For young women, there is the additional problem of an increased pressure to dress according to a fundamentalist interpretation of Islam that seems to spread. This means for instance that a woman without a headscarf might be attacked in the street, but it also implies an increased social control of everybody's behaviour, not just of young women. I'm certain this was not what the young revolutionaries in Tunisia and Egypt had in mind.
But these developments don't make me completely pessimistic: the transformation process is still ongoing, and everybody knows that processes like these take time. It's more a question of what the Middle Eastern and North African countries can do to stabilise and intensify the necessary changes. On the one hand, this would mean additional financial resources – but on the other, these changing states also need to offer their young more political participation opportunities.
For the regions you're studying, you've also worked on 'demography and migration'. What's your opinion: Was the Arab Spring inevitable? And was the subsequent migration to Northern Europe inevitable as well?
Many studies have shown for years that the situation in the Middle East leads to an explosive situation, especially with high youth unemployment, lack of prospects, widespread corruption and a general absence of 'good governance'. How this explosion finally occurs, in revolutions or terrorist attacks, is accidental to a certain degree. And then there's always the exit strategy of migration, especially if political and economic participation at home is very limited.
So I'm not surprised about the the current migration movement – I'm only surprised it happened so late! And it's not only about the current situations in Syria or Iraq, although they are terrible, but also about disappointed hopes. I was in Egypt five years ago, and the athmosphere reminded me very much of the time in Germany right after the fall of the Berlin Wall: a surge of optimism. Now the lack of perspectives in Egypt is almost more difficult to bear than the precarious security situation, and a dangerous migration route often seems like the only option. I think that this lack of prospects should be addressed by the EU's Mediterranean policy, for instance.
In Cologne you teach at a private business university, in Speyer at a public administration university. How does your work differ in these different institutions?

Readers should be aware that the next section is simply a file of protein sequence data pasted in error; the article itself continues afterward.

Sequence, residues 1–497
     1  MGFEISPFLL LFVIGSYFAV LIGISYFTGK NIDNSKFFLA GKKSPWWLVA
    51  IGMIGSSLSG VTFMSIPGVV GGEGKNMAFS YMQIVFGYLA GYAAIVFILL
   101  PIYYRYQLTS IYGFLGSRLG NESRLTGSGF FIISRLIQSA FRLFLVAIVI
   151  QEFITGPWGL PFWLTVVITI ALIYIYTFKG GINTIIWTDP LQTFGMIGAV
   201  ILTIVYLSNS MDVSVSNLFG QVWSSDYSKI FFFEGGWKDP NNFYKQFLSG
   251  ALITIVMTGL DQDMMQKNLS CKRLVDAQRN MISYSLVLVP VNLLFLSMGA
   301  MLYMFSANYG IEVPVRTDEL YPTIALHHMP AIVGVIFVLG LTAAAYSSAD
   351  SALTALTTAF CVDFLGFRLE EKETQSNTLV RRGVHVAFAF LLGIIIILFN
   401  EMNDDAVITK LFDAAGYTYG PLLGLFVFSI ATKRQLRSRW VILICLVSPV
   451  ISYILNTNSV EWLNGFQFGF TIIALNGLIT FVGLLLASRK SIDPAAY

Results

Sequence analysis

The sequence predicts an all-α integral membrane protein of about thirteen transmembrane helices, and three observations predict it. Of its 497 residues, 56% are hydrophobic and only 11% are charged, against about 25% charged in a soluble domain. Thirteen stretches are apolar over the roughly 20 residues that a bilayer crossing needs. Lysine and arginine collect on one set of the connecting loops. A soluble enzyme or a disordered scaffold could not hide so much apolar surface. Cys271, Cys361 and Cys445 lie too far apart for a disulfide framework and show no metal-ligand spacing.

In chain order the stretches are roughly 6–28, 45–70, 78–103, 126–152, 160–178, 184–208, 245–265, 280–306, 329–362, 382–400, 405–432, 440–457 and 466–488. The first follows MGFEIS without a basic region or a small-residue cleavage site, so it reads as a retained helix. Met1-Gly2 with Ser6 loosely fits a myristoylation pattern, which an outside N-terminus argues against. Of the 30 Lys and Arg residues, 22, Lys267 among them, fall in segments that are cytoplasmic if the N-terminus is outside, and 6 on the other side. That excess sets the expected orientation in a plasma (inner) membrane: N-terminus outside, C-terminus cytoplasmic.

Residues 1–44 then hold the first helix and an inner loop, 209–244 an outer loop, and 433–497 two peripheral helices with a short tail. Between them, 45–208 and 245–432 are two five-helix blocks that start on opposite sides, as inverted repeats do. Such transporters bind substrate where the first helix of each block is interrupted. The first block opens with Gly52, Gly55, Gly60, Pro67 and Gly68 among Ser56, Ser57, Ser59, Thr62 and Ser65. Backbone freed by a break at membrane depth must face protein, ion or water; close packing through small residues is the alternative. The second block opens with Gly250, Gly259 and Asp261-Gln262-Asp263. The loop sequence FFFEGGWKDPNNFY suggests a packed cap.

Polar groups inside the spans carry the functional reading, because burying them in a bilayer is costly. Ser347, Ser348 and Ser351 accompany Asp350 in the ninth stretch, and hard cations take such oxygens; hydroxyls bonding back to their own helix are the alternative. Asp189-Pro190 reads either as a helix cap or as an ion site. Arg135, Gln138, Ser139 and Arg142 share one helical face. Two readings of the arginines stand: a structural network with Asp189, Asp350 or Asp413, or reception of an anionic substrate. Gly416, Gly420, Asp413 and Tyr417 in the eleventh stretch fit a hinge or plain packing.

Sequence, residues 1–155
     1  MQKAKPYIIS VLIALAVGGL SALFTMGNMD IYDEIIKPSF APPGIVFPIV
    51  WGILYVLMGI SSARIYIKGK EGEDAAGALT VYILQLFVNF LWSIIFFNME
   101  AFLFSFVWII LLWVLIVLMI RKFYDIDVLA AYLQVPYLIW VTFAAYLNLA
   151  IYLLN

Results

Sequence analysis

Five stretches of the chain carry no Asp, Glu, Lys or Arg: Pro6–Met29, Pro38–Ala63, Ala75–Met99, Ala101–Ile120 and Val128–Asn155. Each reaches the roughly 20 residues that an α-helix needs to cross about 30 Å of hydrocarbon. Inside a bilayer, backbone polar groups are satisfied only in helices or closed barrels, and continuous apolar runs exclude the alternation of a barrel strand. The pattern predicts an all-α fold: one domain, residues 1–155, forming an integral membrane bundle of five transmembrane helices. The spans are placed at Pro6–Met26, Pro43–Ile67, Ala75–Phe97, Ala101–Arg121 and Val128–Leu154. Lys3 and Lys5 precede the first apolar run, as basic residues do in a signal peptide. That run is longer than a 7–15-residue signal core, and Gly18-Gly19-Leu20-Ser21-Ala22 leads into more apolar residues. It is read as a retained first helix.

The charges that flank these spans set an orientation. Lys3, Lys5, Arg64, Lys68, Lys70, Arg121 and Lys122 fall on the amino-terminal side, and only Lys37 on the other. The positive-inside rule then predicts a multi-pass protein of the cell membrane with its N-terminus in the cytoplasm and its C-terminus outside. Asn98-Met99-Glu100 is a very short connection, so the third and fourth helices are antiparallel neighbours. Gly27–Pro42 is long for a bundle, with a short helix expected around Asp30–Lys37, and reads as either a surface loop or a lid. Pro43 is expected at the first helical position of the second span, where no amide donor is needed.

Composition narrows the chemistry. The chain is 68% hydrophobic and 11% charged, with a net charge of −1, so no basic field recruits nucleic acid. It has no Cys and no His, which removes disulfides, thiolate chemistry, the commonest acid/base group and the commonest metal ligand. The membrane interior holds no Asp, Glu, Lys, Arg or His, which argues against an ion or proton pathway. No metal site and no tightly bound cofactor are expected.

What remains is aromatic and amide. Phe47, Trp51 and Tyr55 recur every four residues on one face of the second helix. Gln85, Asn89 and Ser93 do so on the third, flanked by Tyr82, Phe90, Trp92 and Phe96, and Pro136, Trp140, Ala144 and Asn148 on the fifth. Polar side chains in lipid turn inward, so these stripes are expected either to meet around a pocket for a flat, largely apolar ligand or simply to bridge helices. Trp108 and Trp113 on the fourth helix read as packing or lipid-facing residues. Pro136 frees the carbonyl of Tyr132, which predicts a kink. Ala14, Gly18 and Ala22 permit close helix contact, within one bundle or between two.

Both universities have a lot in common, like providing first-degree education as well as postgraduate training. Also the challenges are similar: The accreditation processes of our education programmes can lead to very strict requirements, and the growing internationalisation of both our research projects and our students can provide an extra challenge.
But naturally, there are differences, like perceiving each student as a 'customer', as a private university does, is something quite normal in other countries – but for German public universities, this is still a novelty. The general attitude is more 'civil service': the interests of the professors usually set the agenda, or research or even political agendas are being followed. But I also see both sides changing, the public and the private education sector. I would say that both sides offer the same educational quality, but the implementations differ. By the way, not only the two universites where I teach differ greatly – the two cities of Cologne and Speyer are also very different. And I like these differences, I see them as an asset.
Where does your interest in the Middle East and Islam come from?
Do you believe in love at first sight? I've visited this region for the first time as a child, and I've been fascinated ever since: by the people, the language, and by the beauty of the cities and landscapes. As I got older, I became more interested in religious and political institutions, as well as in economic and social developments that are sometimes very similar to the ones in Europe, and sometimes very different. But Muslim countries also differ very much from one another.
Currently I'm concerned how the transformation that we're seeing right now can be achieved without damaging or destroying the rich cultural heritage of these countries. Whenever I land in Cairo or Algier, I feel right at home. And by now I've accpeted that my Arabic will always remain incomplete. But in order to feel really alive, I can recommend nothing better than spending an entire day in an Arab city!
How do you motivate yourself after a long day's work?
I have wonderful students. And I'm quite happy to receive a WhatsApp message in the evening, saying "we're sitting here and wondering whether we can really explain the graph on page x..." To educate young people is a very important part of our work. Whether they train as national economist, as managers or administrators: teaching them is our job. I find this very motivating.
And I'm thrilled if a colleague and friend calls and proposes a new project. Sometimes I'm so enthusiastic, I want to start right away and cancel all other projects. It's great to develop ideas as a team, even if some of them never go further than this first day-dreaming stage. It motivates me to introduce ideas into research so that they can bear fruit and might even trigger further research. To sum it up: the people and topics that I'm working with motivate me infinitely. And finally there's the prospect of business trips to remote corners of the globe where tourists usually don't venture.
Dear Dr. Schomaker, thank you very much for this very interesting interview!
German Interview and English version by Susanne Dambeck